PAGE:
SALT LAKE CITY – Before Rondae Hollis-Jefferson, Aaron Gordon and Stanley Johnson bolted into the first round of the NBA draft, before they even put on an Arizona Wildcats jersey for real, their first college-game-like experience came against the Saint Mary’s Gaels.

It wasn’t good.

For any of them.

Saint Mary’s, which will face the Wildcats in a second-round NCAA Tournament game Saturday at Vivint Smart Home Arena, held closed preseason scrimmages with the Wildcats before the 2013-14, 2014-15 and 2015-16 seasons. The one in Moraga, California, the second one at McKale Center and the third back in the Bay Area.

Although the scores were reset at halftime and largely ignored by the coaches, several participants involved said the Gaels basically won every time — with their patient, screen-to-the-death style of offense testing the patience of even the most talented Wildcat rookies during the infancy of their college careers.

“I think in all three of their cases, although they did OK, none of them really shined,” UA coach Sean Miller said. “I think it’s telling that experience, how important it is. When you’re playing against a team that has a great system, it takes some time to develop.”

The results, in a weird sort of way, were great for everybody.

Saint Mary’s coach Randy Bennett had the chance to immediately show his players every season that, even though they would have to compete in the mid-major West Coast Conference, they were good enough to hang with a stellar team. The Wildcats won the Pac-12 and reached the NCAA Tournament’s Elite Eight the first two years they scrimmaged SMC.

“He was doing us a favor that way,” Bennett said of Miller. “We felt like we benefited from it. We felt we played one of the top two or three teams in the West and played pretty well against them. It gave us confidence for those seasons.”

Miller talks as if Bennett was doing him a favor. Having that sort of fundamentally sound team be able to test his players early in the season was the sort of thing your everyday exhibition game against a Division II team simply can’t match.

It was also a better teaching tool than your everyday practice, too.

So Miller loved the scrimmages, win or lose.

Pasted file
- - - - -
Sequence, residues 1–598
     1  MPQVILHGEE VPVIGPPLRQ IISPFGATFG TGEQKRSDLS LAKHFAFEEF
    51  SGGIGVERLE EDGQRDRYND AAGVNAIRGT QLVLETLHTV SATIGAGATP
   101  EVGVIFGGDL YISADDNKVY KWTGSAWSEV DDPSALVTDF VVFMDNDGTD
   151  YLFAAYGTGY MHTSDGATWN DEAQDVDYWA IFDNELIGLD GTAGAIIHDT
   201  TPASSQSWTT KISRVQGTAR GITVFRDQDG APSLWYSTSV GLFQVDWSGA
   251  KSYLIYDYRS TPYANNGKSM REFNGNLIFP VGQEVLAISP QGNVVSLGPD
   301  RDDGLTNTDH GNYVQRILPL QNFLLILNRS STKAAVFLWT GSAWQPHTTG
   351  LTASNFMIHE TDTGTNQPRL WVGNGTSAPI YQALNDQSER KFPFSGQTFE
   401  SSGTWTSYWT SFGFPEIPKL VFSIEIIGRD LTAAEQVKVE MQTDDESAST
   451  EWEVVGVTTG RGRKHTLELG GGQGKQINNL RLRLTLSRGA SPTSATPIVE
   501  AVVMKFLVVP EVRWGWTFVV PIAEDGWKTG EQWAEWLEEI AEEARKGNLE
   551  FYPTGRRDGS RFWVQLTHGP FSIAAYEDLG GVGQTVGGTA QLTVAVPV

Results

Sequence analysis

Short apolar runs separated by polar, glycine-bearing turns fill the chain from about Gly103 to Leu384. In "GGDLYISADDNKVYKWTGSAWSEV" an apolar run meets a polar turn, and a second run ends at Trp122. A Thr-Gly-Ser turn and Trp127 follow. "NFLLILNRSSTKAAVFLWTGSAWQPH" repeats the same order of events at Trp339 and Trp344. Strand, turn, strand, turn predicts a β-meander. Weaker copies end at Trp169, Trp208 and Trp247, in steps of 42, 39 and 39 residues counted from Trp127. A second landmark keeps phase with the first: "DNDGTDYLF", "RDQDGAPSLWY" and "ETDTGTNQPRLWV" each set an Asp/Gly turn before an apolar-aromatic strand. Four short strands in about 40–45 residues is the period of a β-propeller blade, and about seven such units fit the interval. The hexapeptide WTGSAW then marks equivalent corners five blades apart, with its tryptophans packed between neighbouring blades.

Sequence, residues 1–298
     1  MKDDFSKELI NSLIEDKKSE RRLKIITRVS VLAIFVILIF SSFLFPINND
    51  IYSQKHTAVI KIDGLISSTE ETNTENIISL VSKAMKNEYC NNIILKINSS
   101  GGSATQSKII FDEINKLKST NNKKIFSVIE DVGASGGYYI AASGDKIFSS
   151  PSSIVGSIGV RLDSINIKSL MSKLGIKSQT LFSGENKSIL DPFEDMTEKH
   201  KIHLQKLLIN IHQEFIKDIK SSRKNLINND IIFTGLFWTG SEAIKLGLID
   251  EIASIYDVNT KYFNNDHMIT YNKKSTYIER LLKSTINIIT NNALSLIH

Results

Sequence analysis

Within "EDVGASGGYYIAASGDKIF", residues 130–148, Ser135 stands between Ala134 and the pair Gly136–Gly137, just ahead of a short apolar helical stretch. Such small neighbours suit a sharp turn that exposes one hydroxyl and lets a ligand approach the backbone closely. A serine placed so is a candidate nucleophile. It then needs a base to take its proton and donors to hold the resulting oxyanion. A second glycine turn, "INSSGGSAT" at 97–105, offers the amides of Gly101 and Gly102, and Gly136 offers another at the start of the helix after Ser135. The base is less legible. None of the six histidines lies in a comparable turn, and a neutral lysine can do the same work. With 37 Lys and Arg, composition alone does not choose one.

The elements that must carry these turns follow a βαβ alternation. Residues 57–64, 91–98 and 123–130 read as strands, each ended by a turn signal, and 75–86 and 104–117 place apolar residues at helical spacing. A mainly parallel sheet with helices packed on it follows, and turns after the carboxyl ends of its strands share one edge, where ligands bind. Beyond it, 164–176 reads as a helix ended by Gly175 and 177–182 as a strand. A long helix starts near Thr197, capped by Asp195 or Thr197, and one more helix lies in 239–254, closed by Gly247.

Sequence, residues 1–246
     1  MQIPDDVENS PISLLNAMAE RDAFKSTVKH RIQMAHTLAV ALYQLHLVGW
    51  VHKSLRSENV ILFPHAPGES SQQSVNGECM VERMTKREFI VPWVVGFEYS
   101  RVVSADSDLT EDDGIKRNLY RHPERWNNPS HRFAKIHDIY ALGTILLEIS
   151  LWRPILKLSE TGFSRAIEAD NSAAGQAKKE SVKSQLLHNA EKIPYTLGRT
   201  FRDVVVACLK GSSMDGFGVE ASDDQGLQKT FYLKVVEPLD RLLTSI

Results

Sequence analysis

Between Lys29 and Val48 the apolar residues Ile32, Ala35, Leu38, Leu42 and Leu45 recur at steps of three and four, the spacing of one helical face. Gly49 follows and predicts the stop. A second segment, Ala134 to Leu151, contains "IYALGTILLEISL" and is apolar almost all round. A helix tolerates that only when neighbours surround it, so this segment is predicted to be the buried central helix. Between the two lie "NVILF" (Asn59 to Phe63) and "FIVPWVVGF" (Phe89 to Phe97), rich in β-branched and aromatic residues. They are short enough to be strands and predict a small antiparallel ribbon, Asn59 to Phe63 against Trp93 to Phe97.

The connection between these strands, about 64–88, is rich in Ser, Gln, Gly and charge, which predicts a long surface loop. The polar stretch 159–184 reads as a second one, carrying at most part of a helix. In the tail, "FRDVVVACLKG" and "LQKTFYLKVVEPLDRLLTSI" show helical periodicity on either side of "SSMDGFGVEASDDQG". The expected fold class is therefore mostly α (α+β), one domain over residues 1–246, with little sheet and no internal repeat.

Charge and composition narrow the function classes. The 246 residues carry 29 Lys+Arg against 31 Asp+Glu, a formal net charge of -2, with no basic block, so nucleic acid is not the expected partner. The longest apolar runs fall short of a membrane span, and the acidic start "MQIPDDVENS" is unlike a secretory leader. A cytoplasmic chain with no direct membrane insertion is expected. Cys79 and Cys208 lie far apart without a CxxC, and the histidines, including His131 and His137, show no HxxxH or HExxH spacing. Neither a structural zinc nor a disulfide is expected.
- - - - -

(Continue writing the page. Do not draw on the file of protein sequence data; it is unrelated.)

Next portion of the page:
“For us,” Miller said, “being in a quiet gym, to play a team that’s as well-coached and disciplined, that sets as many ball screens as they do, has the style they have, would really teach our team about what we want to become and how hard college basketball is.”

The Wildcats’ three most veteran players — Kadeem Allen, Dusan Ristic and Parker Jackson-Cartwright — went through the experience twice.

It wasn’t fun for any of them, either.

“Both of those scrimmages, they beat us,” Jackson-Cartwright said. “They don’t beat themselves. They’re very disciplined on defense and on offense. When you’re playing a team like that, you have to be extremely locked in on attention to detail.”

Ristic also left with his eyes wide open.

“My freshman year, they were playing at such a high level,” Ristic said. “They were a good team and they really played well together. Last year was kind of the same thing. They’re a really good screening offense and they’re really good at pick and rolls.”

The scrimmages were born out of what both coaches call mutual respect. Miller and Bennett have been seen chatting at Las Vegas summertime recruiting showcases and Bennett said it was during the recruiting circuit when Miller struck up a conversation he did not expect.

“He had studied what we do, which caught me off guard a little bit,” Bennett said. “He had studied (Mickey) McConnell and (Matthew) Dellavedova and that group. We talked about that, and we talked about how we got to where we were offensively.”

Over time, their discussions and scrimmages developed into a friendship. Bennett now calls Miller a friend, a “class act” who’s a really good coach, while Miller’s return praise is just as strong.

“Randy Bennett is one of our game’s great coaches and he deserves a ton of credit,” Miller said. “He doesn’t get nearly enough credit for the job that he does.”

No contract was ever signed for their three scrimmages. Both sides simply liked the deal so much they kept showing up every October.

Arizona used the trips to Moraga in 2013-14 and 2015-16 as a dry run for Pac-12 play, using the same rough schedule it would use for games at nearby Cal, while the Gaels made a trip to Tucson in 2014-15 and were expected to arrive again this season.

They didn’t make it, only because the Wildcats had to call them off.

NCAA rules allow teams to play two exhibition games against non-Division I opponents every preseason, or one exhibition and a closed scrimmage. But UA’s heavy slate of road and neutral-site games this season meant it could not satisfy the 18-game home minimum for season-ticket sales (which can count exhibitions) if it played a closed scrimmage.

So instead, the Wildcats replaced a fourth Saint Mary’s scrimmage with a second exhibition. In their first exhibition game on Nov. 1, against the College of Idaho, UA forward Ray Smith blew out his ACL — and the Wildcats won by 51 points.

No doubt Miller would have preferred another closed-door session with Bennett’s bunch instead.

“Those scrimmages were great,” Miller said. “We were supposed to scrimmage them this year and I don’t know if it’s good or bad we didn’t.”

He may find out Saturday when the Wildcats and Gaels meet for real.

And when the score, this time, will matter more than ever.

Sportswriter for the Arizona Daily Star covering Arizona Wildcats basketball